One of the most fundamental concepts we believe in is the power of our beliefs. Beliefs influence everything in our lives, from how we interpret people and events to our ability to manipulate the world.

Our set of beliefs is like a handbook.

Google’s definition of a handbook is “a book giving information such as facts on a particular subject or instructions for operating a machine.”

The subject and machine are us. The “facts” are our beliefs.

As we think, we come to conclusions. Those conclusions become beliefs.

Beliefs are like rules

They are agreements we’ve made with ourselves to make living easier. They allow us to deal with what is right in front of us without having to spend time re-learning the details of every situation.

When we read or hear things and they make sense to us, we tend to believe them.

Beliefs are thoughts we believe are true

We generally don’t question our beliefs. They are such a part of how we view the world, we don’t even realize they are there. It’s like the first time you drove to work you saw the scenery in a completely different light than after years of the same commute. We get used to the same things and don’t stop to question them.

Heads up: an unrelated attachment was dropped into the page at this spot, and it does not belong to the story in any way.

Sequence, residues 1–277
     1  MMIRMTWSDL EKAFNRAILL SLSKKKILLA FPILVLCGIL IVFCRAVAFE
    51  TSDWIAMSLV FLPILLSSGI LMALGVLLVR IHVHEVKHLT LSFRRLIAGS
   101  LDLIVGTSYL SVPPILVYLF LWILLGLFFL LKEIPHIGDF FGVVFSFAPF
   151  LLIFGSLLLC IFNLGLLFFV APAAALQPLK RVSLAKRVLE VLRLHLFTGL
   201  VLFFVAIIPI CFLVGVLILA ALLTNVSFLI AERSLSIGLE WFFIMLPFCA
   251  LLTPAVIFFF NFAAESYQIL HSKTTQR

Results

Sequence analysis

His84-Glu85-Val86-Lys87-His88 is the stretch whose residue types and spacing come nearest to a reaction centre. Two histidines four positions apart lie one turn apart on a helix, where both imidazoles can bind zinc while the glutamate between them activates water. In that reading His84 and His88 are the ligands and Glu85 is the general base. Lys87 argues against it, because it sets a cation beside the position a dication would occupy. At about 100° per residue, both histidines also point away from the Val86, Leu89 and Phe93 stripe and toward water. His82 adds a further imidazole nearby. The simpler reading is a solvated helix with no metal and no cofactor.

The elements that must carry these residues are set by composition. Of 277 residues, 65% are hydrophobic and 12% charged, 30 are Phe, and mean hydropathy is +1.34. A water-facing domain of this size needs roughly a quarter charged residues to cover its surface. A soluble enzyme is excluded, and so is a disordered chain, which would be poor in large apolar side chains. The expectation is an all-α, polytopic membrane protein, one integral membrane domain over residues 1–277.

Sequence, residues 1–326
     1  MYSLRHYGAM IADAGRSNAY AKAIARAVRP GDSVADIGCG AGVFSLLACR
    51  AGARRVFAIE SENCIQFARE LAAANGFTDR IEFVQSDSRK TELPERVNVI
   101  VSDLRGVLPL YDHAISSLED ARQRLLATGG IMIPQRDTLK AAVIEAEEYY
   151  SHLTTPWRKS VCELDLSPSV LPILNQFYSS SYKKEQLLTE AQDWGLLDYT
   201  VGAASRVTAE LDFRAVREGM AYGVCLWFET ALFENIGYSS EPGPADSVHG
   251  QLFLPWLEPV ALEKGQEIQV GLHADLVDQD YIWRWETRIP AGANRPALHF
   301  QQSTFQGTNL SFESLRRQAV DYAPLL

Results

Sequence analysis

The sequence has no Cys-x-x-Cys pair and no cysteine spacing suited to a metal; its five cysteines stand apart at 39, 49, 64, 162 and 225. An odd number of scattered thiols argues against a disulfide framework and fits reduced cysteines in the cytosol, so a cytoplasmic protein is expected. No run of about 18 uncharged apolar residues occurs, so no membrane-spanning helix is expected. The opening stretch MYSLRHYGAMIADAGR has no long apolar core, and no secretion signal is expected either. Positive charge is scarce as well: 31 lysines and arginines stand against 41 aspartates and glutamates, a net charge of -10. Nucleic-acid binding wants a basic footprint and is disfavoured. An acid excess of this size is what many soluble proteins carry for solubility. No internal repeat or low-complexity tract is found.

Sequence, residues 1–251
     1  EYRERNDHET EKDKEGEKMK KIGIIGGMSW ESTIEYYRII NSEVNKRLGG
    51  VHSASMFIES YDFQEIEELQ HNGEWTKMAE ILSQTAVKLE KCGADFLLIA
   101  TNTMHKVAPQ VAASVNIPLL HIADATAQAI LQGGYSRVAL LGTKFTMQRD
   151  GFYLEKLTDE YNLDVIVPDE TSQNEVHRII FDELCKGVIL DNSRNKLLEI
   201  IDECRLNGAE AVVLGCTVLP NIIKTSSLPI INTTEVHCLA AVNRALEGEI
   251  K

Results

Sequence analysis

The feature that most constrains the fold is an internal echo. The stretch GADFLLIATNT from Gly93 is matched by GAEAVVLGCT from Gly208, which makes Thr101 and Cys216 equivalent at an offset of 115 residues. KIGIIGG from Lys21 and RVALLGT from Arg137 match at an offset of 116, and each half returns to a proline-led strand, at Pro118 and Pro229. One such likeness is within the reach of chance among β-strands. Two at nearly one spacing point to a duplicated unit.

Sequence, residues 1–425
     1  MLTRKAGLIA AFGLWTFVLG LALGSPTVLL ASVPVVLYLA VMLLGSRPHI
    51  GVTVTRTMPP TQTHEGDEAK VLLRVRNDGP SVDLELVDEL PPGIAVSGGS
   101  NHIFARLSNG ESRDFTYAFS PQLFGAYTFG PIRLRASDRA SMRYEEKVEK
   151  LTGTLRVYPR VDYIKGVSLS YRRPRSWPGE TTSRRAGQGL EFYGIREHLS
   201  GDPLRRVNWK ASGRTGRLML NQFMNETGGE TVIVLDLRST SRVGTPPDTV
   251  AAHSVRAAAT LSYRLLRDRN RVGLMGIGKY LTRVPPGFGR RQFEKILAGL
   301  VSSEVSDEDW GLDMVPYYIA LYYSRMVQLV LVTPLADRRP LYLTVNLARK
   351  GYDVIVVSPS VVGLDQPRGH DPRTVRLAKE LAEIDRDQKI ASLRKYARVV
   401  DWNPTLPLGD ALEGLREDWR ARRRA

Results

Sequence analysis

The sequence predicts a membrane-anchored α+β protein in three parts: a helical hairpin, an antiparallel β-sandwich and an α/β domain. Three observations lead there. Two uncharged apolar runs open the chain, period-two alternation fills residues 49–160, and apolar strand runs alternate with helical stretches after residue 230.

When we were young, we often reached conclusions without much thought because we heard it from a trusted authority. Many of our beliefs came from our childhood as we experienced life and as our parents or others in society made statements that we accepted as true without much thought on our part. How we view gender, race, and politics are usually well established as children.

The good news is since we create our beliefs we can change them. We’ve changed many of our beliefs over our lifetime. We no longer believe in the Tooth Fairy even though at one point she may have been very important to us.

Our handbook can be dynamic. We have the ability to add, change and delete all the entries in it.

Like most handbooks, we rarely take the time to go through our beliefs to make sure the rules and policies still apply. At one time it made sense to check with an authority figure (like mom) before we crossed the street, but as an adult, waiting for permission may no longer be useful.

Just like a handbook, our beliefs are available to us if we take the time to look.

We hope you will crack open your handbook to see which beliefs you like and which no longer apply. We also hope that by reading and following us, you will learn tools, exercises, and techniques to change the ones you choose.